Wednesday, Oct. 21, 26-year-old classical violinist, Ray Chen performed at the Hanh Hall in the Music Academy of the West. After touring the world and performing in various venues, including Carnegie Hall and the Hollywood Bowl, Chen returned to Santa Barbara after two years prepared to entice an audience eager to hear more.
It is easy to say that Chen’s niche, classical music, is known for putting kids to sleep, while or helping plants grow. Suffice to say, many categorize classical music to be rather boring—especially in this newer generation. However, this event was held by UCSB Arts and Lectures and subsequently brought together an audience full of young adults. I was curious to see how Ray Chen would interpret the pieces to appeal to the younger generation.
Dressed in a gray suit, black dress shoes and slicked hair, Chen walked on stage with the utmost determination to begin the concert immediately. Without a single word, he began to play intensely. However, within 30 seconds, his face turned from a red sphere of ferocity to a joyous, not unlike that of a young child. The audience suddenly began laughing and saw as they noticed him mimicking his music with his facial expressions.
Following his first two pieces, Beethoven’s Violin Sonata No. 1 and Saint-Saëns’ Violin Sonata No. 1, the audience rose to give a standing ovation. While embracing his accompaniment, pianist Julio Elizalde, Chen finally spoke a couple words to the audience, wiping the sweat off his forehead and settling down.
As half-time came to an end, the performance veered off in a completely different direction as Chen took on a sonata for solo violin by Ysaÿe. His childish, carefree demeanor transformed into an expression of pain and sorrow. It quickly became clear that the attention of the crowd was drawn away from the violin to Chen’s facial expressions. With every stroke of the bow, Chen’s face curled into a deeper scowl.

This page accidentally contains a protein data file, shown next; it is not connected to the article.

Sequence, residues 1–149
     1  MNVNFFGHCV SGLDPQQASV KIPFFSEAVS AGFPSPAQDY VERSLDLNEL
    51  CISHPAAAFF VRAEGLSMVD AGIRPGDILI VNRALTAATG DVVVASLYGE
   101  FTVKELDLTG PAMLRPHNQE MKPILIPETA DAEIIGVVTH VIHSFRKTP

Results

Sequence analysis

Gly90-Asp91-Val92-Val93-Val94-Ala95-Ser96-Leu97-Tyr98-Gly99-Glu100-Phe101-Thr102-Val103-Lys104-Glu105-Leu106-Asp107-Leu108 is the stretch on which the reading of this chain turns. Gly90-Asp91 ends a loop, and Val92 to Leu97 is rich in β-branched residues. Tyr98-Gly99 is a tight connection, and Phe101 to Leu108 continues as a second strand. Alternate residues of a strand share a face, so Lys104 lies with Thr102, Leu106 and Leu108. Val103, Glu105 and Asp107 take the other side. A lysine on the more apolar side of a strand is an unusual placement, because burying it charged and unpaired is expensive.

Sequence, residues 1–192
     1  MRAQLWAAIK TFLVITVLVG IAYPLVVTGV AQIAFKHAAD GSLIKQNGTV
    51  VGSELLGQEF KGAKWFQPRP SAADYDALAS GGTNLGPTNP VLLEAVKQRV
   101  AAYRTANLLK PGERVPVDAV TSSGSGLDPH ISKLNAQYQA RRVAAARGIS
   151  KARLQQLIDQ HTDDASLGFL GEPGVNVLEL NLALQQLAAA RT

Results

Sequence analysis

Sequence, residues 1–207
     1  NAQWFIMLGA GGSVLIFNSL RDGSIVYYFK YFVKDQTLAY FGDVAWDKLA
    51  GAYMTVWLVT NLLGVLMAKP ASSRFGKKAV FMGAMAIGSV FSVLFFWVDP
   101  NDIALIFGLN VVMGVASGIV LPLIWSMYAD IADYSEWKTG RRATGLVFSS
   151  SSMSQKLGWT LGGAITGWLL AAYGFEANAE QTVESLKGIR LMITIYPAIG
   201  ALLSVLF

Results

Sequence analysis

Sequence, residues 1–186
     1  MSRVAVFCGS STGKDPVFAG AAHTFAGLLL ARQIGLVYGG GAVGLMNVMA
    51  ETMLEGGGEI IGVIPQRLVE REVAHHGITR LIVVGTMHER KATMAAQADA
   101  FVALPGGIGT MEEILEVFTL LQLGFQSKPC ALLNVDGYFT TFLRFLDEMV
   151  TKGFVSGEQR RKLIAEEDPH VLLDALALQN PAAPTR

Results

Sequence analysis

He lifted the spirits of the audience within 15 seconds of the next performance, Falla’s Suite populaire espagnole, in which he transformed his classical violin into a little ukelele. He plucked the violin with one hand and created a beat with the other,[[delete comma]] to initiate a hall-wide clap for his next piece. It made me appreciate the music even more, as it allowed me to listen to classical music in a complete different light—a fun, lighthearted one.
He concluded his performance by introducing the piece, Czardas by Monti with a light joke, and engaging the audience even more. As soon as he completed the final stroke of the bow, the audience rose and clapped for an “everlasting four minutes.” The clapping became louder and louder as Chen bowed humbly, and it was an awesome experience.
Chen’s performance allowed audience members to appreciate classical music as something exciting and funny. If you did not get the chance to catch his performance this past Wednesday at Hanh Hall, be sure to take a chance on Chen at least once—He had the power to unite a diverse group of grandparents, UCSB students and elementary schoolers solely by putting a smiles on their faces. He was definitely worth it.